puffery and vaporware, no currently available mechanism provides complete protection against such practices.
In addition, software licenses may present problems. If a software license is not sufficiently broad in scope or duration, a provider can find itself paying unexpected additional license fees to maintain its system. An insufficiently broad license could also leave a provider without rights to use software that is crucial to the functioning of its patient record system.
Access to the source code for software is essential to a health care provider's ability to support and maintain patient record application software. Therefore, the provider should attempt to obtain a copy of the source code, either as part of the initial license grant or in the event that the vendor breaches its support obligations or decides to discontinue supporting the software. Bankruptcy, particularly among small vendors, may make it more difficult, or even impossible, to obtain the source code from a software escrow or in the event the vendor discontinues its software support.
If software licensed or sold in connection with a patient record system infringes the intellectual property rights of another, the consequences to the provider that acquires the system can be severe—both in terms of liability and loss of the right to use the software. Therefore, vendors should be required to warrant that they own the software being licensed or have the right to sublicense it. In addition, the vendor should agree to indemnify the provider and hold it harmless against claims by third parties asserting that the software or the provider's use of the software, or both, infringes on their proprietary rights.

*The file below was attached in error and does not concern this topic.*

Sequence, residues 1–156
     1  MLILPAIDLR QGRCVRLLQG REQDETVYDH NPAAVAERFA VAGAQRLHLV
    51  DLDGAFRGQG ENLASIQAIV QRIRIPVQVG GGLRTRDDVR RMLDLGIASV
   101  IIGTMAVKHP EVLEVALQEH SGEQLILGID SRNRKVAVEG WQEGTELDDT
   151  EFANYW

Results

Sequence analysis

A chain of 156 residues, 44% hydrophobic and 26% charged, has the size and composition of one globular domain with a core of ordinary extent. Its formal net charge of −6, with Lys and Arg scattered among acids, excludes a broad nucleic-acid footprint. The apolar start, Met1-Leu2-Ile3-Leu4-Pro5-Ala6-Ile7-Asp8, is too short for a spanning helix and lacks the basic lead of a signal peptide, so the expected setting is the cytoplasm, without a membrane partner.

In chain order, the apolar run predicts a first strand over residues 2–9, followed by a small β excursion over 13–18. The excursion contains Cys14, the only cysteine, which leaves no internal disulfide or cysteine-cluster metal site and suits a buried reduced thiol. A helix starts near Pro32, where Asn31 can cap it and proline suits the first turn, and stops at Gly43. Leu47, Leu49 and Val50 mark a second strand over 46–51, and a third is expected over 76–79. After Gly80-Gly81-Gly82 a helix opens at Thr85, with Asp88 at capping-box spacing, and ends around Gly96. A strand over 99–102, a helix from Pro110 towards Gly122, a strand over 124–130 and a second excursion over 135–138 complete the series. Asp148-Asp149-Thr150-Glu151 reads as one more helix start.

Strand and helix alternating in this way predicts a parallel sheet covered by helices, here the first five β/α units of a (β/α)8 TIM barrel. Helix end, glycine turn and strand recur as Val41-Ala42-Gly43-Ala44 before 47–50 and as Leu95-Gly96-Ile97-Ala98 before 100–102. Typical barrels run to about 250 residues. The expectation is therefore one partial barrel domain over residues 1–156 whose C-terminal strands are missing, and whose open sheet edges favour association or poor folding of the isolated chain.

Of course, none of the legal remedies available to a health care provider for a patient record system vendor's breach of contract is as desirable as the vendor's performance of the acquisition agreement. Therefore, it is important to structure payment schedules and conditions to payment in such a way as to give the vendor incentives to perform the agreement.
The vendor should be required to warrant that the record system will meet key performance standards, such as system response time, capacity, and batch-processing capabilities. The use of such software mechanisms as viruses and keylocks to enforce a purchaser's obligation to pay for software is becoming increasingly common, particularly among smaller vendors. Because the law in this area is still unclear, the provider should insist on a warranty in the acquisition agreement that the software does not and will never contain such mechanisms. The provider should also obtain indemnification for resulting losses and damage if such mechanisms are ever used in the acquired software. Contractual limitations on the vendor's liability should be avoided because they may leave a provider without recourse to the vendor when a patient record system fails to function or malfunctions. Such limitations on liability include limitation on the dollar amount of damages, exclusion of liability for consequential damages, limitation of